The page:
Asserting their basic right and dignity -- a proper toilet in their marital home -- six newlyweds cutting across communities, have left their in-laws' homes in protest. What is unique is that all the six belong to the same village.
The desertions have compelled villagers to change their
mindset about open defecation being "natural and normal".
The newlyweds -- Neelam, Kalawati, Sakina, Niranjan, Gudiya and Sita -- from Khesiya village in Kushinagar district, who went back to their parental homes, are however, willing to return once proper toilets are provided.
For the newlyweds, it is more a question of dignity than just sanitation.
"It's not only a question of toilet but of dignity," said Sakina, one of the newlyweds.
Her mother-in-law had pleaded helplessness citing economic compulsion when Sakina demanded for a toilet.
Echoing Sakina was Gudiya, another newlywed, who returned to her parent's home.
"It was a difficult step but I had to take it for human dignity."
In April 2012 a similar desertion by a bride in the district had caught international attention.
Jolted by the newlyweds' insistence, villagers have promised to build toilets at each household.
The rebellion in the span of a month has prompted Sulabh International – known for providing low-cost toilet to rural households -- founder Bindeshwar Pathak to construct toilets at the in-laws' houses of all the six newlyweds.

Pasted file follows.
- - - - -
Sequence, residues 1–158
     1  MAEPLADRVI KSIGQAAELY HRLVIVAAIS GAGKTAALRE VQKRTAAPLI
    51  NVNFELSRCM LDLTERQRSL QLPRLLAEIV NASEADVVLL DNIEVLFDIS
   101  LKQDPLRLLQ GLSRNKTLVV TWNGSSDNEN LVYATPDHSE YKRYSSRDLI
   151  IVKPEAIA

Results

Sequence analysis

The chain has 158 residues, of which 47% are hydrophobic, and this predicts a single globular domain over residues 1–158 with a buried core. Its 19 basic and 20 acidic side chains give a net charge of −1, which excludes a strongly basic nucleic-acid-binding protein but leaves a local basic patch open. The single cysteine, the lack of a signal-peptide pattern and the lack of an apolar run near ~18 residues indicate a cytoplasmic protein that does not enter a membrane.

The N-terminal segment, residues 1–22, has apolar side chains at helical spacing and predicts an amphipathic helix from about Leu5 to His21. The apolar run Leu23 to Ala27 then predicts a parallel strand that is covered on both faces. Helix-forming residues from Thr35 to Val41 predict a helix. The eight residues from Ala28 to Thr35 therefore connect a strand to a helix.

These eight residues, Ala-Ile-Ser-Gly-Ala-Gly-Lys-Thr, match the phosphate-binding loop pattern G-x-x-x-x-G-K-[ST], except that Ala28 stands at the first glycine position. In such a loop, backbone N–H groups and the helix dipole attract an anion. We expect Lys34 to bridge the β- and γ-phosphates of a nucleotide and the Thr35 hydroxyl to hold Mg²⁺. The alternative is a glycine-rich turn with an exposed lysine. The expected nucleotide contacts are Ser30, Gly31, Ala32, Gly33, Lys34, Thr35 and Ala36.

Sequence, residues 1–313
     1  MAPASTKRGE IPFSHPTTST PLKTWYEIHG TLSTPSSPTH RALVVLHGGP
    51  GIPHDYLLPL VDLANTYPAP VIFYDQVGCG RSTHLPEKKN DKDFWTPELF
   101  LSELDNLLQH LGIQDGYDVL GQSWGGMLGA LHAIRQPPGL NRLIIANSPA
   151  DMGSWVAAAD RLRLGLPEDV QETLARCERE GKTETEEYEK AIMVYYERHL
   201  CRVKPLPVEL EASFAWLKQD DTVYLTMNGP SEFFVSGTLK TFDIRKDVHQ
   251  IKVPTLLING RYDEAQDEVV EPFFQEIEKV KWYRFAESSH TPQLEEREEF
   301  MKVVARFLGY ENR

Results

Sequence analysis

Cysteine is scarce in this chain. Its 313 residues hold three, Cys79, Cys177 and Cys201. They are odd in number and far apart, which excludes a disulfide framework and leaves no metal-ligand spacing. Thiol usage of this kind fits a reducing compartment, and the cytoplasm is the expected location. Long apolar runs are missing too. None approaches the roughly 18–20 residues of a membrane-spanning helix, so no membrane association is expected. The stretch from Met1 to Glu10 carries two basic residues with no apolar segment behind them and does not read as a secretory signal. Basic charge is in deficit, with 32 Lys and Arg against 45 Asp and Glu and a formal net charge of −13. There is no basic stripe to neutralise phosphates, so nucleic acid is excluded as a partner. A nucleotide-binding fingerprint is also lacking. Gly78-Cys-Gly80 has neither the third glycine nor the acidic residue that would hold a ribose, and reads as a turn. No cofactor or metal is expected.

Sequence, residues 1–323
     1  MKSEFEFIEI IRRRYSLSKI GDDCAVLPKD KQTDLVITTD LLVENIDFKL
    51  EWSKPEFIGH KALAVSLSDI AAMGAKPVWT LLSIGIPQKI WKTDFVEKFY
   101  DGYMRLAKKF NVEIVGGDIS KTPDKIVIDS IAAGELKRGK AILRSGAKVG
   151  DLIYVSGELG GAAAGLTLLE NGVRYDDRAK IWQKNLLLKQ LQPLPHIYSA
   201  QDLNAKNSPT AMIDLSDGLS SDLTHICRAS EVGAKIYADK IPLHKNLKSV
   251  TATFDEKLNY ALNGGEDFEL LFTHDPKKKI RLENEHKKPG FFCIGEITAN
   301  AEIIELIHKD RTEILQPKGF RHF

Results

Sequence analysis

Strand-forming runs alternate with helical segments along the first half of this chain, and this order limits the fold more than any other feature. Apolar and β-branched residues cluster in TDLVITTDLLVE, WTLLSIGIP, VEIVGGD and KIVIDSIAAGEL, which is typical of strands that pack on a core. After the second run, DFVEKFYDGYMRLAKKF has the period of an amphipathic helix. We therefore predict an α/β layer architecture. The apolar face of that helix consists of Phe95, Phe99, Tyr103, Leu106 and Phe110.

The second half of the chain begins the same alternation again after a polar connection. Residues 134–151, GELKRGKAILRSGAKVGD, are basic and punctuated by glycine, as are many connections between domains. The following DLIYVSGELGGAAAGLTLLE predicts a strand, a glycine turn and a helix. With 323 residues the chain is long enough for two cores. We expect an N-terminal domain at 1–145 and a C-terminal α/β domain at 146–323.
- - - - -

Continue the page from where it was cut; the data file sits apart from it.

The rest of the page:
"Such incidents clearly show the changing mindset of girls over toilets. Now everybody realises the importance of toilets," said Pathak.
"It is a bold and extraordinary step."
Sulabh is building toilets tor each house in Katra Sadatganj village in Badaun district where two cousins were found hanging from a tree after being killed, when they had gone out of their house to relieve themselves.
They didn't have toilets in their houses.
The lack of toilets is endemic in many rural households and has spiked crimes rates in various states, as rapes are often perpetuated on women when they go out of their homes to relieve themselves.
"The problem is especially acute in rural areas where women suffer the most due to lack of toilets," said Pathak.
"They have to wait for darkness for the sake of privacy before attending to the call of nature."
A UN study in 2010 found more people in India have access to a mobile phone than to a toilet. Lack of toilets and other proper sanitation costs India nearly $54 billion a year through hygiene-related illnesses, lost productivity and other factors, a World Bank study has found.
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